Everything You Ever Wanted To Know About Hedge Funds But Were Afraid To Ask

Hedge Fund Questions

If you have questions about how hedge funds work, you’ve got company.  Hedge funds aren’t for the average investor, which means the average investor typically doesn’t understand much about how hedge funds work.  Hedge funds are an investment vehicle open to a select group of qualifying investors which can potentially unlock significant returns.  Those who qualify can pool their resources investing in both long- and short-term stocks, limiting or “hedging” their risk.  Thus, hedge funds received their name, and it’s held ever since.

What is a Hedge Fund?

Hedge funds are pooled investments.  Forming a private company, such as an LLC or partnership (LLCs are more common), hedge funds protect investors from bankruptcy by limiting their liability for loss.  The investment pool – the hedge fund – is managed by a hedge fund investment advisor or money manager.  Hedge funds are open only to qualifying investors and have no limits as to where investments can be placed offering greater investment flexibility than, say, a mutual fund.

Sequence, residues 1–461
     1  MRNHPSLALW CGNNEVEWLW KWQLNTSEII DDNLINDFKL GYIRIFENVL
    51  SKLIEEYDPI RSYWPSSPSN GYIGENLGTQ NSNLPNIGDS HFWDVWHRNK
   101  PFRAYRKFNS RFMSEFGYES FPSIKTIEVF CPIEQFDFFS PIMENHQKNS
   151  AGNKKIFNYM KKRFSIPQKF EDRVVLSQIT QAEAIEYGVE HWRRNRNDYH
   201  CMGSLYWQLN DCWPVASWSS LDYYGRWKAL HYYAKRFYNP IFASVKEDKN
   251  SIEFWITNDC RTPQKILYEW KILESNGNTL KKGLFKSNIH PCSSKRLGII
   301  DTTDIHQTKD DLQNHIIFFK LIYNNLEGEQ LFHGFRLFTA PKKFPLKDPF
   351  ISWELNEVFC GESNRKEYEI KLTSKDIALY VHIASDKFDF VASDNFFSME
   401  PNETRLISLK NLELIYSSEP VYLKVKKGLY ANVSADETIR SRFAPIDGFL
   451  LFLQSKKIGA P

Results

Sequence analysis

Who Qualifies to Invest in a Hedge Fund?

Hedge funds aren’t open to everyone.  To qualify for investment in a hedge fund, investors must be classified as either accredited or sophisticated.

Accredited Investors

To become an accredited investor, investors must meet one of the following criteria:

  • Net Worth. Investors worth $1,000,000 or more. This amount is the same for single investors and married couples and does not include the value of the investor’s primary residence.
  • A personal income of at least $200,000, earned for at least two consecutive years with a good chance of continuing. For married couples, the amount increases to $300,000.
  • Hedge fund managers, employees of the hedge funds, and any other people with professional ties to the hedge fund can qualify to invest.
  • A large number of hedge funds are institutional accounts. These include pension plans, corporate assets, trust funds, and more.  To qualify,  account net worth must meet or exceed $5,000,000.